The upcoming requirements will require payors to accept six types of medical electronic attachments in a standardized format. These include lab, ambulance, emergency department, rehabilitation, clinical, and medication reports. By making this process paperless and standardized, medical documentationcan be included with the initial electronic claims submission thereby eliminating paper out of the claims submission process.
There are a number of recognized benefits gained from the electronic submission of attachments for both providers and payors. The savings in time, paper, and postage alone can result in increased ROI. Providers will see fewer denials and rework requests typically seen with failures to provide additional documentation, and Payors will have fewer claims pending while waiting for documentation requests. Another way to save time is submitting all supporting documentation that is often requested by payors for specific procedures, with the initial claim; referred to as an unsolicited attachment. Additionally, the number of claims that an insurance reviewer can process in a single day is limited by the amount of paper they have to wade through; experiences has shown that an electronic attachment solution results in the number of processed claims increasing without an increase in staff.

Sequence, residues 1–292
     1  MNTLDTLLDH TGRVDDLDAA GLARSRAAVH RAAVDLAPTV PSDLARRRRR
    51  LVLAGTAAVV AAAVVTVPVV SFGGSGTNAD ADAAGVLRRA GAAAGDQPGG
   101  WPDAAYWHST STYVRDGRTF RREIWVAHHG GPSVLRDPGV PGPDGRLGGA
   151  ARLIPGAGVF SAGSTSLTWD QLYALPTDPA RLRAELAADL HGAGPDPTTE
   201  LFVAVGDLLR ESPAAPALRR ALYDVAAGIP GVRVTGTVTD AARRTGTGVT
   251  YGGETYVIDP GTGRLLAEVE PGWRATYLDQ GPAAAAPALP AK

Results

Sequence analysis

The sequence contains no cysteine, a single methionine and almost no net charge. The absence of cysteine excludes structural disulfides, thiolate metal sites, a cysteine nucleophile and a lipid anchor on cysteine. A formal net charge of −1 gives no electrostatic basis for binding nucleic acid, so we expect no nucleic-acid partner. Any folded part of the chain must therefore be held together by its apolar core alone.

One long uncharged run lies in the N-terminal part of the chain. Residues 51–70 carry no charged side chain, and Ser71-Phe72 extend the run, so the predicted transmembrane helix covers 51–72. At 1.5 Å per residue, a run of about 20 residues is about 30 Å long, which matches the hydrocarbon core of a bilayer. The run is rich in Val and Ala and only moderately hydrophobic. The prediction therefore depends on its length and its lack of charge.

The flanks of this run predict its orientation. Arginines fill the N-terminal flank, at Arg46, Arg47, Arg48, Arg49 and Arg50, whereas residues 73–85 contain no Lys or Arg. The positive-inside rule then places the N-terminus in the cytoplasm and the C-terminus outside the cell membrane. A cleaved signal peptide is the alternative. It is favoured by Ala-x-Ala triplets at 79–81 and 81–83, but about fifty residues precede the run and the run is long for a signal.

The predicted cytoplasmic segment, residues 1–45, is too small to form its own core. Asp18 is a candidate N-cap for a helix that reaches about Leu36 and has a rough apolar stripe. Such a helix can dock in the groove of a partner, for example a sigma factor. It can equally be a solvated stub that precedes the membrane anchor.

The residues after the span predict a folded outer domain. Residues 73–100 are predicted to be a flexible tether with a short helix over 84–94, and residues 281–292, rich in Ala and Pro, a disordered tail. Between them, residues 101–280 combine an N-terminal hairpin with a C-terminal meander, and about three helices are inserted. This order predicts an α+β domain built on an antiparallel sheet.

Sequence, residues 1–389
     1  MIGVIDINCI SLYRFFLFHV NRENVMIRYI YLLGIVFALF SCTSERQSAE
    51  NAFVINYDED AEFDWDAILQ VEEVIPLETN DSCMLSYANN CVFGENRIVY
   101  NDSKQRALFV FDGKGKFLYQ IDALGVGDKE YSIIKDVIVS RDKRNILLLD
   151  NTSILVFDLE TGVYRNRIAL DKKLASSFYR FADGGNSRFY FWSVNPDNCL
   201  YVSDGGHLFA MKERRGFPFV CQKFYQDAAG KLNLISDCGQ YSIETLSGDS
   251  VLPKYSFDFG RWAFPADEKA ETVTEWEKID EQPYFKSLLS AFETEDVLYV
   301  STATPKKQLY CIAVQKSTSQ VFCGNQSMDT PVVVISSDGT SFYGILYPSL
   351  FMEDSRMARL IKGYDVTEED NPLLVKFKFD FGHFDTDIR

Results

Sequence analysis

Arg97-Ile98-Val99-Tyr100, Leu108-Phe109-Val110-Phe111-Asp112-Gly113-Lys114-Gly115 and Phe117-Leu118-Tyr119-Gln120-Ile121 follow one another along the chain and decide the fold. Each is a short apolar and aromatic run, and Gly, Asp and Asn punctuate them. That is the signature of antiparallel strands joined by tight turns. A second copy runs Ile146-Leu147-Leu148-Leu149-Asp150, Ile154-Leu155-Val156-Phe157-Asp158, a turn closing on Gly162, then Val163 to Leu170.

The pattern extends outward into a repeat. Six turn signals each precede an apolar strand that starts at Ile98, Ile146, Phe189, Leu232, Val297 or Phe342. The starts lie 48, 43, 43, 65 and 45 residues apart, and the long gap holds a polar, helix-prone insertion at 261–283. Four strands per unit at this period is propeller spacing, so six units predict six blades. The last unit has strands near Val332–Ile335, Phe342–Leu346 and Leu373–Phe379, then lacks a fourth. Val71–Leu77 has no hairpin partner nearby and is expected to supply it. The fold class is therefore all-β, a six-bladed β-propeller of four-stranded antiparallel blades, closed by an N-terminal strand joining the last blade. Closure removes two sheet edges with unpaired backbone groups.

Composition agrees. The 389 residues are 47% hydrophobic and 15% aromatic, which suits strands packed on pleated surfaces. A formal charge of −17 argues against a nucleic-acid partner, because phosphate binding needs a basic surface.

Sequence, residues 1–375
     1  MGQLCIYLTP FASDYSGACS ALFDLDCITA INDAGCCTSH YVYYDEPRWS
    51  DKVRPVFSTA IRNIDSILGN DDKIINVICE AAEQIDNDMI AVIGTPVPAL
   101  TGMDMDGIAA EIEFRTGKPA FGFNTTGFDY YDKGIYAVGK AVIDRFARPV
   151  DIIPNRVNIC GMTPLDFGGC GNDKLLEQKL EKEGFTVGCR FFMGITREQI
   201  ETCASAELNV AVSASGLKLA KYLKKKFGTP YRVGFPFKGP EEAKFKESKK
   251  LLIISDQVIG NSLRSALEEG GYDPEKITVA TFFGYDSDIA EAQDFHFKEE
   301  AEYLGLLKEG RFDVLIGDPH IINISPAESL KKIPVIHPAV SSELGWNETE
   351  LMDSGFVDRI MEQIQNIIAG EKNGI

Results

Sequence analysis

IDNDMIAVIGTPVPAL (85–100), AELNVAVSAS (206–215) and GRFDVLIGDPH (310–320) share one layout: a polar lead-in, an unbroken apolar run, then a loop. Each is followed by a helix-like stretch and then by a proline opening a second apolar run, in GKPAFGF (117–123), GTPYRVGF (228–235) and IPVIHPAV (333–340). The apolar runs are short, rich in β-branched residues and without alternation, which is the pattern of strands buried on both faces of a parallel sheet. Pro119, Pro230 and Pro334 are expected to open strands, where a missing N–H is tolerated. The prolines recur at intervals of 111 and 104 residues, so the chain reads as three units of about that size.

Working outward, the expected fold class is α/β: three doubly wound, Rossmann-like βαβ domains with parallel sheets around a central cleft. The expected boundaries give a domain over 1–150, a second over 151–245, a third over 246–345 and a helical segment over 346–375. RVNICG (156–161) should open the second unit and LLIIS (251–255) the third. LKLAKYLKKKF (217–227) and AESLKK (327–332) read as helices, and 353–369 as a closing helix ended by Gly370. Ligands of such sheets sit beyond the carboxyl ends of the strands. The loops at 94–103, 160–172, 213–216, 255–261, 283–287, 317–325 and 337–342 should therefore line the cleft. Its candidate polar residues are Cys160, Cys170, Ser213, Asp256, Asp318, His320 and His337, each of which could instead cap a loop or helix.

Although attachments only represent a small part of the electronic claims process (applicable in perhaps 10% of claims), their impact on the speed of reimbursement can be significant. Since patient medical records are typically filed in digital format, including attachments with a medical claim is only a matter of an extra mouse click or two. This is in contrast to printing and mailing claims and attachments, which takes time preparing and sending, and then the payor opening, indexing, and sorting before even landing on the right desk. NEA’s clients have reported reducing their outstanding receivables by 10 to 14 days by including electronic attachments with their electronic claims submissions. With new government mandates just around the corner, we are on the cusp of a new era in electronic claims. Changes in healthcare policy will come quickly, and thought leaders will put new processes in place now. Why wait?